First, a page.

Most people think News is all about seeing what happens on any given day - and then reporting it. But that’s only part of the story for any editorial leader.
Many stories run over a longer period. Think of the BP oil spill this summer, the Chilean Miners, or - at the extreme end of the scale - the war in Afghanistan. Good editorial leaders define their journalism in the way they select which of these stories to invest in, uncovering new information that others have missed.
If you aspire to be a really good editorial leader, then you need to identify themes that aren’t obvious, and may not even be news in the traditional sense. It’s about finding the kind of thing that normally might not make a headline, but which a historian in a hundred years’ time might pick up on and say, “That was what was really going on in that place at that time.” This is a tricky area. It is labour-intensive, and if you get it wrong you can end up bogging your resources down in the equivalent of parsley on a plate of food - take it away and does anyone really notice?
Inspiration comes from the unlikely places. One such moment came when I was reviewing a report from one of the BBC’s best journalists, Lyse Doucet, in Afghanistan. From a remote and hostile location, she told the story of an expectant mother and the desperate attempts by pitifully resourced medical staff to save her unborn child. “This”, she said with no exaggeration, “is the worst place in the world to give birth.” It was an intensely moving piece, but it also got me thinking: if parts of Afghanistan are the worst places in the world to have a child, where would be the best? And where does my family’s own experience fit onto that scale?
This was the starting point for a new editorial initiative at BBC World Service, BBC World News and BBC.com – Extreme World. It is not a season of programmes, but a themed approach to a selection of editorial content. Essentially we are using the idea of extremes as a way of seeing the world and understanding our place in it. It gives us a sense of how the world operates and how circumstances influence people’s behaviour. We can widen the aspect of this editorial prism to encompass all manner of stories: what is life like in the hottest place on earth and, conversely, the coldest? What about issues such as crime and corruption?
The more we began to explore these issues in this way, the more interesting it became – often leading us to new and unexpected areas. We have made discoveries that add a fascinating layer of context to the bald statistics. For example, cities with low crime rates often have intrusive state restrictions on daily life. When exploring the issue of death and dying, we were forced to re-evaluate certain perceptions. Dying in a developed country, for example, might give you access to superior medical care; but hospitals, hospices and care homes can leave people remote from their loved ones and sometimes completely alone. Poorer countries may have a lack of medical facilities, but the role of the community and family in, say, a remote village in Sub-Saharan Africa make a solitary death a far less likely scenario. These angles can force us to re-evaluate the ways in which we judge the world.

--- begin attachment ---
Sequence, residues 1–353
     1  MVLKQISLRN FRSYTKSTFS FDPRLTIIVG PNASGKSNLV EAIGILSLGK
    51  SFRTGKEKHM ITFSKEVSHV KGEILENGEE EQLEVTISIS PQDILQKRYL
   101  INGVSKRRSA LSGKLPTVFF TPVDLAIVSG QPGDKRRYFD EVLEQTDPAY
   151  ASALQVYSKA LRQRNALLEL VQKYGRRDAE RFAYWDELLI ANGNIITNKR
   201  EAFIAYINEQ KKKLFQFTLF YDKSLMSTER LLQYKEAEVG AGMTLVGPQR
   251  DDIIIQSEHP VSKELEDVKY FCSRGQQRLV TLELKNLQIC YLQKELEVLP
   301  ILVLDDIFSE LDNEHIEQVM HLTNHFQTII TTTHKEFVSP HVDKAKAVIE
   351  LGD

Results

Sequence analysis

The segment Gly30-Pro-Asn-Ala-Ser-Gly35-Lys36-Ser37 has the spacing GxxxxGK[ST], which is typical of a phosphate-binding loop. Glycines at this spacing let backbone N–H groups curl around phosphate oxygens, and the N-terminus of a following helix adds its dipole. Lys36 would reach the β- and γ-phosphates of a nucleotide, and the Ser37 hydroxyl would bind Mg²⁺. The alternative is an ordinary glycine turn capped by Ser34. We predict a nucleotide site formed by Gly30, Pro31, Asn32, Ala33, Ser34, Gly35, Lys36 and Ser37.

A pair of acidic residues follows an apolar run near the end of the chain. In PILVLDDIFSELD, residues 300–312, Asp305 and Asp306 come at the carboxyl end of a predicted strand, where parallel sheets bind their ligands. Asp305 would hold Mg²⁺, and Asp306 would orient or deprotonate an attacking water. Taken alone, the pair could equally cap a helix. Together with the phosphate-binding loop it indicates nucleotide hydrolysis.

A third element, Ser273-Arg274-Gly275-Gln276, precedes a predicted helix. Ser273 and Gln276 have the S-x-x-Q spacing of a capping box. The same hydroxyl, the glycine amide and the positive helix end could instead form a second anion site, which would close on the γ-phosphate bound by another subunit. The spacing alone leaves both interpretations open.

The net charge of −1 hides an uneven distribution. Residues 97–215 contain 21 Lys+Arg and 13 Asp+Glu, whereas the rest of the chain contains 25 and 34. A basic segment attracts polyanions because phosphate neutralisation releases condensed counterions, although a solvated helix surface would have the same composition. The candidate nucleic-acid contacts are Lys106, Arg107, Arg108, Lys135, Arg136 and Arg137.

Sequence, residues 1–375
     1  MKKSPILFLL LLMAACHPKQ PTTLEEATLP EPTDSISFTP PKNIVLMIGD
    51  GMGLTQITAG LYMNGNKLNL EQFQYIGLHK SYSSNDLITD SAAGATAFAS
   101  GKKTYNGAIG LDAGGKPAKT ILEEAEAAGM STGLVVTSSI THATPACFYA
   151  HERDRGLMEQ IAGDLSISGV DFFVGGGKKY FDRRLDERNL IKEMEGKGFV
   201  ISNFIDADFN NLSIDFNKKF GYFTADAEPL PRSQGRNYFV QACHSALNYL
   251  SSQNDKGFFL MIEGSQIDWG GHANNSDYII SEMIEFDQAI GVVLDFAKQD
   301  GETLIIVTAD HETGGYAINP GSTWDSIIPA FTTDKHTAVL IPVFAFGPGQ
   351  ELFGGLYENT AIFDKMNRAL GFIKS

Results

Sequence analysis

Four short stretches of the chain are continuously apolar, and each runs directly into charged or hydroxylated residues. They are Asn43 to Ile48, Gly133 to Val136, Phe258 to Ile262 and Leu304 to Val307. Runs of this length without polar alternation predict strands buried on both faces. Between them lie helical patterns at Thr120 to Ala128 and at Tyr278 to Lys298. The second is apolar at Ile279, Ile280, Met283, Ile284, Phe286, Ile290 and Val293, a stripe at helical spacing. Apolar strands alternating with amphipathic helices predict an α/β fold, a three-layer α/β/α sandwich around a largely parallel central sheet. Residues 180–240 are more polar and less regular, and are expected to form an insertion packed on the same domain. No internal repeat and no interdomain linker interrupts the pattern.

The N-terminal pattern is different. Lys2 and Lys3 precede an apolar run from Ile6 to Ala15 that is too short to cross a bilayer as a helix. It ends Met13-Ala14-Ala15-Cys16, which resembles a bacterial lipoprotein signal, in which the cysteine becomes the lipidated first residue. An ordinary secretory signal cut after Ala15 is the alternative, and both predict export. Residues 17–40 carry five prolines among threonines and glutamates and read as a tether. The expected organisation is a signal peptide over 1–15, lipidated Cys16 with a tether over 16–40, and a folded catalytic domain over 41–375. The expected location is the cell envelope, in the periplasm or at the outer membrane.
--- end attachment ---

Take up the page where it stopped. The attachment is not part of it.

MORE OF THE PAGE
From a commissioning perspective, especially across a multimedia news organisation, taking this ‘themed’ approach to content makes good sense. It allows you to play to the different strengths of radio, television and online - ensuring they echo, amplify and augment each other. A listener might hear a brilliant piece of on-the-scene reporting on the World Service, and then be invited to go online to explore data around the story, particularly about how their country, wherever that may be, fits into the wider, global picture.
Giving the reports a label - in this case “Extreme World” - is a vital part of the process. Of course, it allows it to be marketed, but it also makes it easier for regular users of our services to assemble the different pieces of the theme’s puzzle over time. It helps them to build up a picture of a world of extremes, making links they might not have previously made had they simply stumbled upon an unlabelled report amid the blizzard of information they face, from all manner of sources, in today’s digital world. Cutting through that blizzard encourages both journalist and viewer to think about subjects and stories in new ways.
In many ways a themed approach has always characterised news presentation. As I wrote, News, on one level, has always been a series of themed running stories. The editing process alone makes this inevitable, as certain stories are followed and others discarded. Journalism is defined by those choices made at an editorial level, guiding the audience to what the editor thinks really matters, and attempting to sharpen our expertise and story-telling skills to help them understand it. At the BBC this process is underpinned by being scrupulously impartial, refusing to take sides on any story.
So we see “Extreme World” as one part of many similar initiatives. It should be an exciting and intriguing collection of content that will continue to take shape over the coming months, providing our reporters with fresh angles and perspectives, and offering audiences a range and depth of compelling reports on TV, on radio and online. We are very much looking forward to watching it unfold, and finding out how our audiences around the world react to it.